Saved in:
Preview

All things Shakespeare : an encyclopedia of Shakespeare's world /

Main Author: Olsen, Kirstin.
Format: Book
Language: English
Published: Westport, Conn. : Greenwood Press, 2002
Subjects:
Tags: Add Tag
No Tags, Be the first to tag this record!
Review by Choice Review

Despite its title, this is not an omnibus guide to Shakespeare. It neither explains the plays nor defines difficult terms; instead, it provides a helpful introduction to the culture, customs, and manners of England in Shakespeare's lifetime. Entries such as "Humors," "Courtship," "Household Objects," and "Drink" offer insights into contemporary practices and beliefs, drawing extensively on primary sources and referring to Shakespeare's works. Although some complementary material appears in Encyclopedia of the Renaissance, ed. by Paul F. Grendler (CH, Jun'00), All Things Shakespeare is unique in its tight focus on Shakespeare's England. Cultural analysis is by its nature a tricky area and subject to interpretation, but Olsen's entries are balanced and impartial. The entries "Women" and "Jews," for example, fairly present the prejudices of the time, but no other entries cover oppressed groups. Entries are supplemented by black-and-white illustrations from contemporary sources. An appendix provides a chronology of historical events that appear in Shakespeare's plays, and there is a well-selected bibliography. All Things Shakespeare offers excellent background material for students trying to place Shakespeare's works in historical context. ^BSumming Up: Recommended. General readers and undergraduates. S. Magedanz California State University--San Bernardino

Copyright American Library Association, used with permission.
Review by Booklist Review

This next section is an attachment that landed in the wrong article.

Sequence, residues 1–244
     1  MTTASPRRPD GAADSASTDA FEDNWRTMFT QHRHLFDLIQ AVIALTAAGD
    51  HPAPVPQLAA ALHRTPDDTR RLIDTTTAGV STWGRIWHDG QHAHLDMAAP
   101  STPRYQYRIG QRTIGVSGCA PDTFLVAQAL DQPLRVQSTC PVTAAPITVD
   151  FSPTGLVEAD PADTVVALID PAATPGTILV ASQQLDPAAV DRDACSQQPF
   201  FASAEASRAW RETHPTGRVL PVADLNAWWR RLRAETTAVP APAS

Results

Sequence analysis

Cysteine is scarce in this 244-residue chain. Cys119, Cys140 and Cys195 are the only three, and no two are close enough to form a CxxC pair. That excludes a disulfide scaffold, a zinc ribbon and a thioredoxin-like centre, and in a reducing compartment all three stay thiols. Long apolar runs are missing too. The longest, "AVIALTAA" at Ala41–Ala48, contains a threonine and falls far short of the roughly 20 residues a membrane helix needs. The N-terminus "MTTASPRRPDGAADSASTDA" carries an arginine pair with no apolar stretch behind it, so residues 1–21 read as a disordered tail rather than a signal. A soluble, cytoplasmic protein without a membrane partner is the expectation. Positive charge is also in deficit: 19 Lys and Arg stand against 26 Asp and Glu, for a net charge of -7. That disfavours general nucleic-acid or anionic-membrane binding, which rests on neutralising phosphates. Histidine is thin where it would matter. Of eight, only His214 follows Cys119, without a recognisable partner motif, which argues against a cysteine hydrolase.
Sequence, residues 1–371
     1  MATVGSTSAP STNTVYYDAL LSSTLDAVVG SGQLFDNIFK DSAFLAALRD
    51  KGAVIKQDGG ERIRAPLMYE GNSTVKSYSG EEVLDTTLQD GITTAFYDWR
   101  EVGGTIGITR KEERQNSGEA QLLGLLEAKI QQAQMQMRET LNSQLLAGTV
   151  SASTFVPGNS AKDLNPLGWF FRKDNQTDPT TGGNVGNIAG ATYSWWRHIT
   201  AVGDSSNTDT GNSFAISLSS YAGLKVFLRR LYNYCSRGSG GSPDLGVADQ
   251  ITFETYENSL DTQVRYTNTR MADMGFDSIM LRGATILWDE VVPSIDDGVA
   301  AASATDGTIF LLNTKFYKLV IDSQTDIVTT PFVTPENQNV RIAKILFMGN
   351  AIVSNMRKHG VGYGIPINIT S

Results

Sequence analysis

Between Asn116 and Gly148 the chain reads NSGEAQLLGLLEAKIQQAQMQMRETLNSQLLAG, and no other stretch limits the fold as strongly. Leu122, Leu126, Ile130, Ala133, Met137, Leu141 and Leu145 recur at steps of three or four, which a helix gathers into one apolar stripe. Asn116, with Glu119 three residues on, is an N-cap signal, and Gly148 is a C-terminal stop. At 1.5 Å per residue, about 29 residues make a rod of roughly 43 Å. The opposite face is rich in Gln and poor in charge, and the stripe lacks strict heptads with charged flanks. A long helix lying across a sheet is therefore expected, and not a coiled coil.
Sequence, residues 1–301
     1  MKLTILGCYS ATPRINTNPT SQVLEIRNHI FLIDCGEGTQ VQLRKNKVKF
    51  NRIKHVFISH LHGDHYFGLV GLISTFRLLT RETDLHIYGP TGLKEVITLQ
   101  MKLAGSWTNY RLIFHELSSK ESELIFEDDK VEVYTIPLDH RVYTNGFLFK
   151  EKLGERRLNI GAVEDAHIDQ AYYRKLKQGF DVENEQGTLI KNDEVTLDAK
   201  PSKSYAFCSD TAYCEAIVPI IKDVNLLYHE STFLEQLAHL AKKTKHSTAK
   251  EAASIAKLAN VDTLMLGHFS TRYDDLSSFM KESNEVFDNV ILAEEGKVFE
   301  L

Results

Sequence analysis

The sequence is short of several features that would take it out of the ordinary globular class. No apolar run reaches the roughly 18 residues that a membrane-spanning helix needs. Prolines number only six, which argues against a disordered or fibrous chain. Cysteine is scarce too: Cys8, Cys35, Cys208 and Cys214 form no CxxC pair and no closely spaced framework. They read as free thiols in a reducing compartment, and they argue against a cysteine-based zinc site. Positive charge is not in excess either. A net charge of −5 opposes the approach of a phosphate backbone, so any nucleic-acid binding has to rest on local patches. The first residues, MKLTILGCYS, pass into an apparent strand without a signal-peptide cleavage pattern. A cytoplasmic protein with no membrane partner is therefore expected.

Olsen has done the reference world a service by compiling a crackerjack guide to the Elizabethan milieu. In 207 entries she covers topics such as astrology, courtship and marriage, clothing, music, medical treatment, household objects, occupations, and coins of the era, with references to their representation in the plays. Entries vary in length from a few sentences for Pomander and Windmill to 16 pages for Food. Employing an abbreviation system (H8 V.v.l 31^-32 for Henry the Eighth, Act V, Scene 5, lines 31^-2), Olsen compresses into small space a wealth of data. Especially useful to students are lists such as 77 insults and their sources and meanings and a similar survey of 50 birds, 34 units of measure, and 18 types of coins. A generous assortment of line drawings and woodcuts illustrating, for example, a crossbow and arrows, bloodhound, sea monster, and coins, particularize references. A 12-page entry on place-names points out 200 European settings for Shakespeare's plays. Back matter provides a trove of information for the teacher, historian, or dramaturge, beginning with a chronology of historical events referred to in the plays. Following a bibliography separated by topic, the work concludes with a 47-page index covering such minutia as garters, harquebusier, marzipan, and typeface. The handbook has a few weaknesses. For example, there is no commentary related to the setting of The Tempest in Bermuda. Some illustrations lack detailed captioning and dates of sources, and too many name no source. Despite these omissions, students, teachers, librarians, actors, and readers will have little difficulty navigating the text to explain tidbits from Shakespeare's writings. Recommended for high-school, public, and undergraduate libraries.